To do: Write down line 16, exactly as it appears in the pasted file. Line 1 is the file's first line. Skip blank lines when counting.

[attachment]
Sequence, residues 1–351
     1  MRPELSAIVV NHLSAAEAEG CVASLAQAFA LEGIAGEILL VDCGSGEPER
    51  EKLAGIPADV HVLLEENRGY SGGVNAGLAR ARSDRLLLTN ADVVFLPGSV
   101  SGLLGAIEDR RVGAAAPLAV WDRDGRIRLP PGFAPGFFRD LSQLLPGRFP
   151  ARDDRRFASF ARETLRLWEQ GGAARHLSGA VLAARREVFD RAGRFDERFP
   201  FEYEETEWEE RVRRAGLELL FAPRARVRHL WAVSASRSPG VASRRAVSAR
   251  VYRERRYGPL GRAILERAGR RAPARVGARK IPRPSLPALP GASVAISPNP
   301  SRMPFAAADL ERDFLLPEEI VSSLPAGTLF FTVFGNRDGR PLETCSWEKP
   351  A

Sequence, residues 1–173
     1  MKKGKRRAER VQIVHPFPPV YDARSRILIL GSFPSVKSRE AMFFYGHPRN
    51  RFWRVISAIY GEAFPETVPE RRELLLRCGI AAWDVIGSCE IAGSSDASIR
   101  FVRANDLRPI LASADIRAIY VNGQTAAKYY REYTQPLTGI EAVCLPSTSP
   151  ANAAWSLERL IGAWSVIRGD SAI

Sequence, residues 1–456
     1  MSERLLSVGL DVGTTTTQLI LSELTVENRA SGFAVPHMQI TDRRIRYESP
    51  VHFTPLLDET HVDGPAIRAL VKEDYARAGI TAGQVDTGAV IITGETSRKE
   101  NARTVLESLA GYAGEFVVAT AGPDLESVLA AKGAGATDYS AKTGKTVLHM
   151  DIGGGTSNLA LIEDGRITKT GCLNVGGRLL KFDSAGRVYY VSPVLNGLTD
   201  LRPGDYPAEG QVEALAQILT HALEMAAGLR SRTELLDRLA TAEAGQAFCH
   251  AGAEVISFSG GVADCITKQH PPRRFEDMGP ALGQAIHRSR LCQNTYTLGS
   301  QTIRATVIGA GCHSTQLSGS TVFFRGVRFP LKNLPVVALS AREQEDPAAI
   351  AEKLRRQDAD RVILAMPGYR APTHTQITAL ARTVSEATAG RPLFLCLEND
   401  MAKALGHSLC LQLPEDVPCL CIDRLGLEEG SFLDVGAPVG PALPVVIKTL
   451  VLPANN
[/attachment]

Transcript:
     1  MSERLLSVGL DVGTTTTQLI LSELTVENRA SGFAVPHMQI TDRRIRYESP